Three years ago, the Santa Fe Conservation Trust worked with Santa Fe County and local volunteers to create La Piedra Trail, completing a long-envisioned, direct connection between our beloved Dale Ball Trails and the virtually endless network of Forest Service trails heading up the Sangre de Cristo Mountains into the Pecos Wilderness.
La Piedra Trail was billed as connecting the “city to the sky,” since it enables hikers and mountain bikers to seamlessly follow trails from city streets along the Santa Fe River all the way to the Winsor National Recreational Trail and beyond.
Although it’s a difficult trail through rugged terrain, La Piedra Trail has become emblematic of a greater quest to directly connect our many wonderful recreational trail systems, which also include La Tierra Trails, Arroyo Hondo Open Space Trails, the Rail Trail and Forest Service trails on Atalaya Mountain and in the Caja del Rio area, with each other and with the communities that they serve.
The vision of a Grand Unified Trail System, or GUTS, originated with the Santa Fe Fat Tire Society, our local chapter of the International Mountain Biking Association. With coordination and planning help from the Santa Fe Conservation Trust, made possible through support from Christopher Larsen/The Larsen Fund, and technical assistance from the National Park Service’s River, Trails and Conservation Assistance program, the community groups working toward the unified-trail vision have expanded to include hikers, equestrians, public health partners, local and federal land managers, and private landowners and businesses.
A partnership agreement, developed to establish common ground and a common road map forward toward completing the GUTS vision, has been signed by the Conservation Trust, Fat Tire Society, the Trails Alliance of Santa Fe, The Nature Conservancy, Glorieta Camps and the Commonweal Conservancy, which manages the Galisteo Basin Preserve south of Santa Fe.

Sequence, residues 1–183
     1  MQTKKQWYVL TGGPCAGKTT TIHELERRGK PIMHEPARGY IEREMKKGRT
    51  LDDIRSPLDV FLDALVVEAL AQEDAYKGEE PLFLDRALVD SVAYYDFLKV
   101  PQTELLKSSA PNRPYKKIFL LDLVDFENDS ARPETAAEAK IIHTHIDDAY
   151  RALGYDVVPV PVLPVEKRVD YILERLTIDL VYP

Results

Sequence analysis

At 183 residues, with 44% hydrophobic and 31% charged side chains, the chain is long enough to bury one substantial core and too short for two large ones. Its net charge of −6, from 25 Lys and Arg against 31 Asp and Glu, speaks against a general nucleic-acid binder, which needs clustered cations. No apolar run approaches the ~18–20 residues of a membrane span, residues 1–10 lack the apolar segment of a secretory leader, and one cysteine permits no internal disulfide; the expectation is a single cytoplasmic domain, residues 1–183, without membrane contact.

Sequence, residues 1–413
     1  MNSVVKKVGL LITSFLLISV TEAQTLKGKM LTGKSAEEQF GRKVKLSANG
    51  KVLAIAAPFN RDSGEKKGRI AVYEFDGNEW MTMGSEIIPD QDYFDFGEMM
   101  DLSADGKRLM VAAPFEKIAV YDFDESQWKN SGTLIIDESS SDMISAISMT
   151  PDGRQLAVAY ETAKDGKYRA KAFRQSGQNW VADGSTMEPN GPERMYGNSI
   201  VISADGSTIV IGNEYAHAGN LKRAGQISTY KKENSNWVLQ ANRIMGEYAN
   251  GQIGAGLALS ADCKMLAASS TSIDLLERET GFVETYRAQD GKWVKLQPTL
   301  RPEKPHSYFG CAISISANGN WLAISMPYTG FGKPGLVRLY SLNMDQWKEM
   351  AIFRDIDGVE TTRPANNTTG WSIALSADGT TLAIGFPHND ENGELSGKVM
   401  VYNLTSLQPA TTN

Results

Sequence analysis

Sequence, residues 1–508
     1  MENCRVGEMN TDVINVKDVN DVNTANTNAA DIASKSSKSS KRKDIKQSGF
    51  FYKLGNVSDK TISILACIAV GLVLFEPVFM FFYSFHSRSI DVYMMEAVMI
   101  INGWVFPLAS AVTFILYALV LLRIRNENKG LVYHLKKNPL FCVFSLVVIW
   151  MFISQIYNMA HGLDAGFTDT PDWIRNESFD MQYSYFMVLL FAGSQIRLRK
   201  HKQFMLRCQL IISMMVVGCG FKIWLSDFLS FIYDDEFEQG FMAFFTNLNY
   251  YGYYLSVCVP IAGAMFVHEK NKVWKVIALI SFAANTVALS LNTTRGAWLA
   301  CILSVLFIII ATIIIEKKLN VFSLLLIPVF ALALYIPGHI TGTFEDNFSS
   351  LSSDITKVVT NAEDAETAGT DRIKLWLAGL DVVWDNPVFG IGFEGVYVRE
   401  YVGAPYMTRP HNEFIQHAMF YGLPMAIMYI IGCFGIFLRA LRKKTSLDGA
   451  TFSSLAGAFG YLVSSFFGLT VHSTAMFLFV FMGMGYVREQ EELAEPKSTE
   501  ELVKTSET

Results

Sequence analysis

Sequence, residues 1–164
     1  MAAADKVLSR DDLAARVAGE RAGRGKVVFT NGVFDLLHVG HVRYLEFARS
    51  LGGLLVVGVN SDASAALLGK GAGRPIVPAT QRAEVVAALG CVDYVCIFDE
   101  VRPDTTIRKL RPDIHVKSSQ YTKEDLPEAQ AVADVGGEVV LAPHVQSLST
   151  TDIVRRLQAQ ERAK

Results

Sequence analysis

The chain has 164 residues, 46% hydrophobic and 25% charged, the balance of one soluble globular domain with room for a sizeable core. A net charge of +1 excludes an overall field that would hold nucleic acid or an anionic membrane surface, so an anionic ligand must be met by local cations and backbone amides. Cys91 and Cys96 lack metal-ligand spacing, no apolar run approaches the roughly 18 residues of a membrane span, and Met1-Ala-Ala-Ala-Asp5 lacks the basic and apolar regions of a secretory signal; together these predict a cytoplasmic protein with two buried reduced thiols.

The agreement is now making the rounds for adoption by city, county, state and federal agencies, including the Santa Fe National Forest and the Bureau of Land Management.
A unified trail system has become a community process in which these diverse private and public partners are engaged to plan, prioritize and implement the kinds of recreational trail connections that will be needed to make it possible to travel a full circle around Santa Fe, as well as to access the network of trails from any given point within or around the city.
GUTS represents the development of a common vision to improve our area’s quality of life, health, economy and environment.
In order to expand the user groups and populations to be served by the system, the planning process now enjoys significant engagement with an even broader array of community partners, including the Santa Fe County Horse Coalition, the New Mexico Department of Health and the National Park Service’s National Trails Program, which is interested in promoting historic alignments of El Camino Real, Santa Fe Trail and Old Spanish Trail.
Much like our area’s Metropolitan Bicycle Master Plan, which was passed by the city and county in 2012 to create an efficient and accessible network of transportation-oriented multi-use trails and on-road bikeways, the GUTS planning process seeks to establish a complementary network of enjoyable, natural-surface recreational trails providing a variety of users with access to the wonderful open spaces, landscapes, and historic and cultural attractions around greater Santa Fe that make our area unique.
Our community’s successes in these two areas have not escaped national attention, in particular from the League of American Bicyclists, for the transportation network, and from the International Mountain Biking Association for our recreational trails. In both cases, we’ve got the “silver,” and we’re going for the gold.
Whether you are interested in promoting health, economic development, environmental sustainability or just fun recreation, please consider joining the GUTS effort.
Take a look at materials on the Santa Fe Conservation Trust’s website, and please consider joining a community celebration of GUTS on National Public Lands Day, which is Sept. 26, starting with a few hours of optional volunteer maintenance on the Atalaya Trail, and finishing with an open community picnic partway up the mountain, hosted by the Conservation Trust (details at www.sfct.org).
Together, we will be able to look out at the city and imagine all the wonderful successors to the La Piedra Trail that we can work together to achieve, in order to make the GUTS vision of a unified, interconnected trail system into a reality for Santa Fe.
Tim Rogers is the trails program manager for the Santa Fe Conservation Trust.